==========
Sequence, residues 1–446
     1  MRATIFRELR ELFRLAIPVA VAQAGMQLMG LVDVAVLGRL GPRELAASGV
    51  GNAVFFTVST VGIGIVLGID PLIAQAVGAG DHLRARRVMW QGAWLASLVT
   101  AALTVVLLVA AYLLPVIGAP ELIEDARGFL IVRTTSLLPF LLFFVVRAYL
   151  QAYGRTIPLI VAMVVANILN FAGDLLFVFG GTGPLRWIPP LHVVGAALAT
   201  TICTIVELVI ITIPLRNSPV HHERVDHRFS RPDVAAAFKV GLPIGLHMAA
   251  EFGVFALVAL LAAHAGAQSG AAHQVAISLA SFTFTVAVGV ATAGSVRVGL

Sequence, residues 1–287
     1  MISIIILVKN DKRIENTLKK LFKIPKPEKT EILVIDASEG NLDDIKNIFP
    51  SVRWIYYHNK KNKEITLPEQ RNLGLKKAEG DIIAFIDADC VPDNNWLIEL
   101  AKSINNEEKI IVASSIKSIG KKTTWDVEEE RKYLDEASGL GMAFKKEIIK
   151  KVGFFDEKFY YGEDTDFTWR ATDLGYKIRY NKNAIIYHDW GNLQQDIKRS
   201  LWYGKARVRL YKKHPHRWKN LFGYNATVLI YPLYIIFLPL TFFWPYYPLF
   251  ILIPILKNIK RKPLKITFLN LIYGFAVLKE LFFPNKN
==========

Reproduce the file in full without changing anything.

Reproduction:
Sequence, residues 1–446
     1  MRATIFRELR ELFRLAIPVA VAQAGMQLMG LVDVAVLGRL GPRELAASGV
    51  GNAVFFTVST VGIGIVLGID PLIAQAVGAG DHLRARRVMW QGAWLASLVT
   101  AALTVVLLVA AYLLPVIGAP ELIEDARGFL IVRTTSLLPF LLFFVVRAYL
   151  QAYGRTIPLI VAMVVANILN FAGDLLFVFG GTGPLRWIPP LHVVGAALAT
   201  TICTIVELVI ITIPLRNSPV HHERVDHRFS RPDVAAAFKV GLPIGLHMAA
   251  EFGVFALVAL LAAHAGAQSG AAHQVAISLA SFTFTVAVGV ATAGSVRVGL

Sequence, residues 1–287
     1  MISIIILVKN DKRIENTLKK LFKIPKPEKT EILVIDASEG NLDDIKNIFP
    51  SVRWIYYHNK KNKEITLPEQ RNLGLKKAEG DIIAFIDADC VPDNNWLIEL
   101  AKSINNEEKI IVASSIKSIG KKTTWDVEEE RKYLDEASGL GMAFKKEIIK
   151  KVGFFDEKFY YGEDTDFTWR ATDLGYKIRY NKNAIIYHDW GNLQQDIKRS
   201  LWYGKARVRL YKKHPHRWKN LFGYNATVLI YPLYIIFLPL TFFWPYYPLF
   251  ILIPILKNIK RKPLKITFLN LIYGFAVLKE LFFPNKN